Wildlife warning as 'killer shrimp' discovered in the Broads

Killer shrimp

The non-native 'killer shrimp' has been found in the Trinity Broads - Credit: Environment Agency

An invasive "killer shrimp" which could threaten Norfolk's fragile wetland wildlife has been discovered in the Trinity Broads near Great Yarmouth.

The non-native species is named due to its voracious eating habits, preying on native creatures including damselflies, water boatmen and native freshwater shrimp. Growing to 3cm long, adults will also feed on fish eggs and fry, potentially damaging fish stocks.

Norfolk Wildlife Trust confirmed the species has been found in Rollesby Broad and Ormesby Broad, but says there is an opportunity to stop it reaching Ormesby Little Broad and Filby Broad.

Aerial view of the Trinity Broads group

The non-native 'killer shrimp' has been found in the Trinity Broads - Credit: Mike Page

The trust has issued an urgent plea for boaters, anglers and tourists to help stop the creatures spreading further by cleaning their boats, equipment and clothing before and after visiting any water body.

Eilish Rothney, Trinity Broads warden, said: "This non-native species could have a profound effect on the ecology of the Trinity Broads lakes.

“As the Trinity Broads is a lake system separate from the main Broads, it is likely that killer shrimp has arrived by recreational activity.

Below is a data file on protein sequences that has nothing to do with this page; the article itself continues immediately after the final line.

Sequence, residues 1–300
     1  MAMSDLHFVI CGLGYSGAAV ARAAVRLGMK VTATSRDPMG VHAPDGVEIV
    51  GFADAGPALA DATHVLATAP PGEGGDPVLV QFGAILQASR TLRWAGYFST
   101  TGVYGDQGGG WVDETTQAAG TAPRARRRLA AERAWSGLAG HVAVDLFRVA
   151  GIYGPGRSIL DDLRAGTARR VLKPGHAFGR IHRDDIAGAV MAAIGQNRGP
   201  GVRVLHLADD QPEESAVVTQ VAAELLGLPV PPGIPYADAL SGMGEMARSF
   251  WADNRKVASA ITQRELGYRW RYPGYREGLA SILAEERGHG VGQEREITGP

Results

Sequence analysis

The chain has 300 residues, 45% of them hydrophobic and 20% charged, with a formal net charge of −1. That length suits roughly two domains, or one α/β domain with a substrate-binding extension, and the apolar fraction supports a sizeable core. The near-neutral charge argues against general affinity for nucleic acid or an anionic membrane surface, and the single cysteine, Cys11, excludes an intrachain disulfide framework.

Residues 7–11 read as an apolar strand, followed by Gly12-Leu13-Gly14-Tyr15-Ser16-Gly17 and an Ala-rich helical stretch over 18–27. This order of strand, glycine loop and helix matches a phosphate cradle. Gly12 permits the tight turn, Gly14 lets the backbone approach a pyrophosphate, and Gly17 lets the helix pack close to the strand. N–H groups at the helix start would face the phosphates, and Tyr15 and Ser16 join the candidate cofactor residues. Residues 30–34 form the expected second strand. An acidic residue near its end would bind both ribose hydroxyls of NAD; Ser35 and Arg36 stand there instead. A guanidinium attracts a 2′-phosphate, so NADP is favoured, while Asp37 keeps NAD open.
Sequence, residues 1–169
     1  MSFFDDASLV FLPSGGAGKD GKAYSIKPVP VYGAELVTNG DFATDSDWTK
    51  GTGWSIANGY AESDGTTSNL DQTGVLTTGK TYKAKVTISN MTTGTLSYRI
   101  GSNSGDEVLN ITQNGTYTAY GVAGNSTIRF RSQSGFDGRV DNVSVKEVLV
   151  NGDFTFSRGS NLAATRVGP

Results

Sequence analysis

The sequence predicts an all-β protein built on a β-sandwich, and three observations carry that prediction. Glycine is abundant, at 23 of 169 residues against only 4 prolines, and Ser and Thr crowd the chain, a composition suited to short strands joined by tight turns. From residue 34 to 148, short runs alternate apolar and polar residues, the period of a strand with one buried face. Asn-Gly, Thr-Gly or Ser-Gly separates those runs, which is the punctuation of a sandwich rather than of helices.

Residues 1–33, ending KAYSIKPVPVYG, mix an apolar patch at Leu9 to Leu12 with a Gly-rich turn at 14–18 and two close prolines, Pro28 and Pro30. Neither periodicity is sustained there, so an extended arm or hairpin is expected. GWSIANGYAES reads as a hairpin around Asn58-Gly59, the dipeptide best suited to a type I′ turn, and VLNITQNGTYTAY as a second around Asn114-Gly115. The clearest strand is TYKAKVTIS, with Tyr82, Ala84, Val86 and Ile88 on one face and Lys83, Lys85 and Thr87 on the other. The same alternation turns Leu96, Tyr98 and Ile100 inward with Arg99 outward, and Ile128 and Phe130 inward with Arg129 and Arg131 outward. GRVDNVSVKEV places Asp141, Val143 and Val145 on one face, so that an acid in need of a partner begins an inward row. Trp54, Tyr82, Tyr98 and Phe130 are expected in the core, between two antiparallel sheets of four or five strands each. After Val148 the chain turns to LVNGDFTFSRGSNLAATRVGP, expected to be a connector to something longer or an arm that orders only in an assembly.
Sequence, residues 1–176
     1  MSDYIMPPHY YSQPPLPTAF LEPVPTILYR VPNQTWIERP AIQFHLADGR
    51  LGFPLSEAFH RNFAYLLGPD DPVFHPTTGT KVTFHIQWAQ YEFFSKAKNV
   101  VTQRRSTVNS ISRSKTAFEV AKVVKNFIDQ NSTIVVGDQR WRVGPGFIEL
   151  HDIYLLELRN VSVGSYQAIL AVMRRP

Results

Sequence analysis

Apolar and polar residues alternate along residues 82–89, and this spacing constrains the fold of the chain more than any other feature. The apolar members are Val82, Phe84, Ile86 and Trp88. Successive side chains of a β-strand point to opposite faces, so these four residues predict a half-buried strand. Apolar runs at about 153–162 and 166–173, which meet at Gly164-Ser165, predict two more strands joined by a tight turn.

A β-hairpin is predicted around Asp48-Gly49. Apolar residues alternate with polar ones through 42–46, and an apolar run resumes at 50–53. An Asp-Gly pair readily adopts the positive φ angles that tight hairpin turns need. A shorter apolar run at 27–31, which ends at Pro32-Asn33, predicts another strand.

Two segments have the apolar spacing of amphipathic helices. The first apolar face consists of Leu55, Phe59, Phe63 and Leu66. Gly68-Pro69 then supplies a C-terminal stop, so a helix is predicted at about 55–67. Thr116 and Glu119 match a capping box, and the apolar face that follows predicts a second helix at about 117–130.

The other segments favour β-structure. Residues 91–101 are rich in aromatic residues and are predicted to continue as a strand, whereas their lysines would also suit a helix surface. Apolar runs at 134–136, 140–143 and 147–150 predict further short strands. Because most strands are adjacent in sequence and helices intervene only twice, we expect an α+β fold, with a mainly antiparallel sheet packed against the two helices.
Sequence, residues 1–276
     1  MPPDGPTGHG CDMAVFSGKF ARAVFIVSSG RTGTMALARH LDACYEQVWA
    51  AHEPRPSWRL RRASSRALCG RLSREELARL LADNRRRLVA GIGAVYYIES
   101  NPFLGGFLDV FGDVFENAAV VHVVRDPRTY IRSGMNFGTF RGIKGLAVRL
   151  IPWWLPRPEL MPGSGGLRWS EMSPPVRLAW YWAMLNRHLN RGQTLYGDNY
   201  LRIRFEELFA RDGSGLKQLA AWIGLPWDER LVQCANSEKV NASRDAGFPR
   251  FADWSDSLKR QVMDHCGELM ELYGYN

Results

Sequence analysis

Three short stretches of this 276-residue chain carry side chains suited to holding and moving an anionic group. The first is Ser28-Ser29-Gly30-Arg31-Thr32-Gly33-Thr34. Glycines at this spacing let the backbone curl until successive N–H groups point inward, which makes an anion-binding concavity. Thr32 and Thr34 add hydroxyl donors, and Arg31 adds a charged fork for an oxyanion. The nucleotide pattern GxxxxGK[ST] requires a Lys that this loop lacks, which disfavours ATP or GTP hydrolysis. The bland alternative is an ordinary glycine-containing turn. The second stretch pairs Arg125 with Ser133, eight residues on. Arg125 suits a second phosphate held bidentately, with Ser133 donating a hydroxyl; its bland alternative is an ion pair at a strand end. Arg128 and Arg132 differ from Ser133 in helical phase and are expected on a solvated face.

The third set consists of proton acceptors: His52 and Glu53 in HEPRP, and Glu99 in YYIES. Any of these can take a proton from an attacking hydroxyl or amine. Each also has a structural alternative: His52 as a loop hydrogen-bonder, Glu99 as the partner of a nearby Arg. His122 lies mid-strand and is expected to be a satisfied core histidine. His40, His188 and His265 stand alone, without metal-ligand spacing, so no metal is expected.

"We are working with our stakeholders at present to reduce or prevent any boat movements between the infected area and the rest of the system.

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“We have been greatly encouraged by the willingness of the boaters and anglers to work with us on this.

"So this is a huge appeal to the public: If you take part in any water activities you must check clean and dry all you boats, equipment and clothing before and after visiting any water body.”

The Trinity Broads, which make up 14pc of the open water within the Broads, are owned by Essex and Suffolk Water and managed in partnership with Norfolk Wildlife Trust, Broads Authority, Natural England and Environment Agency.

Helen Jacobs, senior conservation advisor at Essex and Suffolk Water, said: “Identifying, and where possible managing, invasive non-native species such as this killer shrimp is a key aim for us.

"We are working with partners and investing in facilities to try and prevent the further spread of this damaging species.”

The killer shrimp, which arrived in the UK from Europe in 2010, was previously found in Barton Broad in 2012, when it spread along the River Ant and into Wroxham Broad.

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